We all know that well-integrated gender and age diversity creates more innovative teams. But what many do not know: Personality diversity (e.g., values and motivation) influences the effectiveness and creativity of teams over time much more than the surface-level diversity we’re familiar with (age, origin, gender, language). In this case, we’re referring to deep-level diversity or the psychological make-up of teams.

As its name suggests, deep-level diversity includes everything that drives us internally, yet it is difficult to observe on the surface and even more difficult to measure. While gender and age diversity are very easy to quantify (e.g., with the St.Gallen Diversity Benchmarking), how can deeper-level factors such as values or motivation be measured? This is probably also the reason why deep-level diversity is still hardly addressed or measured in practice.

Nevertheless, there are cases that show just how important deep-level diversity can be for the success of a team. In the composition of astronaut teams, for example, deep-level diversity has already played a very important role for many years. Astronaut teams have to work well together under stress over a long period of time. The team is absolutely “mission-critical” for success. There are many valuable lessons to be learned here, which are finding their way more and more into our everyday work. Especially in sales, more diverse teams are better able to react to changing market conditions and customer demands. The method used to examine teams is also used in dealing with customers. Sales conversations are more successful when we know the emotional language of our conversation partners and can react appropriately.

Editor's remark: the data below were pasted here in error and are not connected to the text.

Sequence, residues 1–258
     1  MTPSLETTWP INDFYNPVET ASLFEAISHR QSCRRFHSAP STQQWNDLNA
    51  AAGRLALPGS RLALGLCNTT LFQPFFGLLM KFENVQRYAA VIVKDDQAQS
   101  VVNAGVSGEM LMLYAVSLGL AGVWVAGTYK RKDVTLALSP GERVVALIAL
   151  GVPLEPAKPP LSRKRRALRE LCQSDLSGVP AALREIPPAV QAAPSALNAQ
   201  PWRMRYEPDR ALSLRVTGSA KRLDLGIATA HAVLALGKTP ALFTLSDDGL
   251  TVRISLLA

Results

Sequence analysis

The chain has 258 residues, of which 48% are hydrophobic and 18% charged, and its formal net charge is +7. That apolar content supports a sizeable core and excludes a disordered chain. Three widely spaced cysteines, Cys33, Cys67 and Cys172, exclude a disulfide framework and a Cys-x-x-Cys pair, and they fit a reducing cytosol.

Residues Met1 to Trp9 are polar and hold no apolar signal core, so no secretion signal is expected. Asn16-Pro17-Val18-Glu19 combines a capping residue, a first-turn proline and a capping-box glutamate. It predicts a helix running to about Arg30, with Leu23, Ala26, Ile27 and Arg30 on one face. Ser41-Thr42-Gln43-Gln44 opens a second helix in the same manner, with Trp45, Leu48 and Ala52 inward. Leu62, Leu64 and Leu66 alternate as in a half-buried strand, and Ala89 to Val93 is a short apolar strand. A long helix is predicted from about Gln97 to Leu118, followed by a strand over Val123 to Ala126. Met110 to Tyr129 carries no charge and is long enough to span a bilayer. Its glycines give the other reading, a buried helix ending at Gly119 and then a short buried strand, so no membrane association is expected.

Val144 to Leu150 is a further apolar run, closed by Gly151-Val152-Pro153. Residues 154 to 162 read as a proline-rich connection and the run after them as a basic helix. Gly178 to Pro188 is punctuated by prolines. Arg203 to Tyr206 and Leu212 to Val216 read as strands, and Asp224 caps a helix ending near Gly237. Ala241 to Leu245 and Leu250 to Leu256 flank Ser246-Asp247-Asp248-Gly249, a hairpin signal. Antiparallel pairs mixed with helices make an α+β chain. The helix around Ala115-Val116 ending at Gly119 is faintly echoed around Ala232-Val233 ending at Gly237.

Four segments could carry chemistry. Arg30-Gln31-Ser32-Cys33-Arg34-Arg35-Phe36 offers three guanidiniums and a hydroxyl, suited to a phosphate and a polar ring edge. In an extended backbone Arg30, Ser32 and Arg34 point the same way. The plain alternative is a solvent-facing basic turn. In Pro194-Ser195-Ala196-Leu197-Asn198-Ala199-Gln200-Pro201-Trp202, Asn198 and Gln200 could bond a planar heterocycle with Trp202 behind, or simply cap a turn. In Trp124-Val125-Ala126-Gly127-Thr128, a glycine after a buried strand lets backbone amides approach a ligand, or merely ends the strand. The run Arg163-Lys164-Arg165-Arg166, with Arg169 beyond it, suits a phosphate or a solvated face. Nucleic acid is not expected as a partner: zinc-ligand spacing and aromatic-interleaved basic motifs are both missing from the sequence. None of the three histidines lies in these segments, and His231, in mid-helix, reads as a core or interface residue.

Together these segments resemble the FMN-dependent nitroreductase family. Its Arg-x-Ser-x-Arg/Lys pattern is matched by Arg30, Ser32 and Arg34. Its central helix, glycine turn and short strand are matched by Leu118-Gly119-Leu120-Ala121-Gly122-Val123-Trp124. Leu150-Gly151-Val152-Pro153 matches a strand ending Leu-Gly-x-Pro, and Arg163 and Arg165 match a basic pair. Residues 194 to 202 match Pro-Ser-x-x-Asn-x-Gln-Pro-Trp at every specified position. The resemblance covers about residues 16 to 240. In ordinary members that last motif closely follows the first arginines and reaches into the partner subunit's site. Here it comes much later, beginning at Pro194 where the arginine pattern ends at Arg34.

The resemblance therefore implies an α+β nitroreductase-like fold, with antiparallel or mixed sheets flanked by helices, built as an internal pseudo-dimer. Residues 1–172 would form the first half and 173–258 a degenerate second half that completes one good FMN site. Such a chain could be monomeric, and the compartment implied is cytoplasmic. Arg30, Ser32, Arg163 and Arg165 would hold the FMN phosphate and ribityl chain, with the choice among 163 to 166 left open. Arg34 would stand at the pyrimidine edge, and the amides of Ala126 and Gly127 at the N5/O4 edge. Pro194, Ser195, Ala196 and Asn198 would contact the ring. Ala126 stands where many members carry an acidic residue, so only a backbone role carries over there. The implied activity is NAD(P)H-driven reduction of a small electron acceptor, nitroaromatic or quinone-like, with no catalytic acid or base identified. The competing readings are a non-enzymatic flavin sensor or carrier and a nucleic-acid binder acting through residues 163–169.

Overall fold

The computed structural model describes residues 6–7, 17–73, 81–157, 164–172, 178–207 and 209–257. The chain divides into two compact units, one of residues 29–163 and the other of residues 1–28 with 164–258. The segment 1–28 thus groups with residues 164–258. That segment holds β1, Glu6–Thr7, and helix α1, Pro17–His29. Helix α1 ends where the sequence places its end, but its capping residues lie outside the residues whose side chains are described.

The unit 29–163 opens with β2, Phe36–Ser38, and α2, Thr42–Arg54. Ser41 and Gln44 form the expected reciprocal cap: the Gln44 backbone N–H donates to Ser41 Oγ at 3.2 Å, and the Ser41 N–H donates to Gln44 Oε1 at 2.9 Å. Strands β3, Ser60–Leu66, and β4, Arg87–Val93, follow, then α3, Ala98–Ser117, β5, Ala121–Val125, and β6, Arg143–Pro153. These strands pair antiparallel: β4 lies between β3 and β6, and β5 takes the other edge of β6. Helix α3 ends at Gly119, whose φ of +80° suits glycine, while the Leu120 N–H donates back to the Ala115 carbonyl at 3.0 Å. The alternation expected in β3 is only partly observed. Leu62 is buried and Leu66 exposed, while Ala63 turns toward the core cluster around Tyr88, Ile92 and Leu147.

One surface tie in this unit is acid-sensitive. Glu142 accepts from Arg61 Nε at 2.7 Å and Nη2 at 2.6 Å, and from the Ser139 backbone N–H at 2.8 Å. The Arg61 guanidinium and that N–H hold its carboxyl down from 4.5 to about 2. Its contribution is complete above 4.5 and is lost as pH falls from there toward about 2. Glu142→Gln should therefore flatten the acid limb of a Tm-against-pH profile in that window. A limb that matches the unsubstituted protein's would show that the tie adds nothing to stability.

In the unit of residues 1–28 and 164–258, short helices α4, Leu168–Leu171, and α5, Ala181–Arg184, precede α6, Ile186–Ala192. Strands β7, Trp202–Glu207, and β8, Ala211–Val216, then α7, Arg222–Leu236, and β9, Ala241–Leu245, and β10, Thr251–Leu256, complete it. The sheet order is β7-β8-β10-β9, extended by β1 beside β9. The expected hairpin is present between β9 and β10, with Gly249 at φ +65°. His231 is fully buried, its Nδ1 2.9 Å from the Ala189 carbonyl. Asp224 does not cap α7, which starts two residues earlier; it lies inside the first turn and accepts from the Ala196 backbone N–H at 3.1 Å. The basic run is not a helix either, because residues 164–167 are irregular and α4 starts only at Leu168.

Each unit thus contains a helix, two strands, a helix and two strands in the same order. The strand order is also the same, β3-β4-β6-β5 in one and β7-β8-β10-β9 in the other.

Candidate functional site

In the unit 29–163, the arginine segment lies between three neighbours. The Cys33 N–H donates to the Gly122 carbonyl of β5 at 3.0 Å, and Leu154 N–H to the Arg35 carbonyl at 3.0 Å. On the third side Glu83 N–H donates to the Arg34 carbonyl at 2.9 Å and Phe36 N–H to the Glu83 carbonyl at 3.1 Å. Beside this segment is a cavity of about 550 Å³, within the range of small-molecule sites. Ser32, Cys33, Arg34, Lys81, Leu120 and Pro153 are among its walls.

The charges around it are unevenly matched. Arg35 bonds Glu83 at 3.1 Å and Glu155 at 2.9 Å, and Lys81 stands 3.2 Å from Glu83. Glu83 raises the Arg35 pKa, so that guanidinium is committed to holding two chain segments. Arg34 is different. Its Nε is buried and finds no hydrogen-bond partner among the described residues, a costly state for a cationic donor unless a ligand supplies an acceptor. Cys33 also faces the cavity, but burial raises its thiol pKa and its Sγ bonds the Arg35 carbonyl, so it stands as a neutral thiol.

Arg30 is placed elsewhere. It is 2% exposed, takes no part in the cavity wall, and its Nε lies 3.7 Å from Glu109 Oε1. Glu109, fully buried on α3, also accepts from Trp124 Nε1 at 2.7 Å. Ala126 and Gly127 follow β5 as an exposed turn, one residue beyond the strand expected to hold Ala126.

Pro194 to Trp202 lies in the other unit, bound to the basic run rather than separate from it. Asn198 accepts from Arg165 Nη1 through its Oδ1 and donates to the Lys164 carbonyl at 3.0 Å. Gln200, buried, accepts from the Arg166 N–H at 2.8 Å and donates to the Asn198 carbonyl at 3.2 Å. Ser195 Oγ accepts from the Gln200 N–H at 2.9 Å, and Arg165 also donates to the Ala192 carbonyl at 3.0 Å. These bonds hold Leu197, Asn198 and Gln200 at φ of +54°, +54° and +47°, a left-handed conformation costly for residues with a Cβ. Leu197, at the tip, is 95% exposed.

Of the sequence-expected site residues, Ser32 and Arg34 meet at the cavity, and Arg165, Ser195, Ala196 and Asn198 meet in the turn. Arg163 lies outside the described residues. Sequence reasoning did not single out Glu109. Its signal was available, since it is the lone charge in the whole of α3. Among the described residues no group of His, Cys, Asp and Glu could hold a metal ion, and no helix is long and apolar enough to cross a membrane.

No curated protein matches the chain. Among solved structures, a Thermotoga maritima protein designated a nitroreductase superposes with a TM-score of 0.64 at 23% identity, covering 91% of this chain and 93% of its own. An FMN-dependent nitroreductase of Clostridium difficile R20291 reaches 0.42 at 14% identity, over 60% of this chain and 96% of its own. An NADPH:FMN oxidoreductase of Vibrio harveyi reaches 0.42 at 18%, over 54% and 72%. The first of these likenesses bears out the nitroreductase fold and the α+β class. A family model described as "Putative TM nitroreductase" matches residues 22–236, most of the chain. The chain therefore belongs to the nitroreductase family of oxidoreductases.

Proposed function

Here are some examples:

Assertive customers usually take very little time, because they want to reach their defined goal particularly quickly and efficiently or make a “good deal”. Here you should put on the hat of the “assistant”, in the sense of: “How can we relieve you of annoying detail work?” Ideally, you present an attractive deal in 30 seconds – that’s all the time you have. If the customer service manager of a telephone provider calls, he or she should briefly discuss the current situation: “You are currently paying 50 francs. I have looked at your subscription and with the ‘Plus’ offer you save 10 francs.” Then the offer with the savings is presented directly. Long sales pitches are undesirable in this case.

On the other hand, there are also people who have a particularly great need for security and control. These people should not be pushed directly to the conclusion in the sales talk. Rather, offer to send them further information so that they can contact you again at a later time to discuss everything in detail.

The list of examples could go on and on. Basically, it is about training employees to deal with different personality types. Conversely, it is also about making diverse teams more responsive to these diverse needs.

Dr. Stephanie Schoss, Director of the Competence Center for Top Teams, has studied several hundred teams and their respective compositions. The focus is on what influence a team composition has on success. As a speaker in the Leading High-Performance Teams program, she will go into more detail about the deep-level diversity method and provide tips on how to organise teams to be more successful.

Learn more about the Leading High-Performance Teams program here.

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Executive School of Management, Technology and Law


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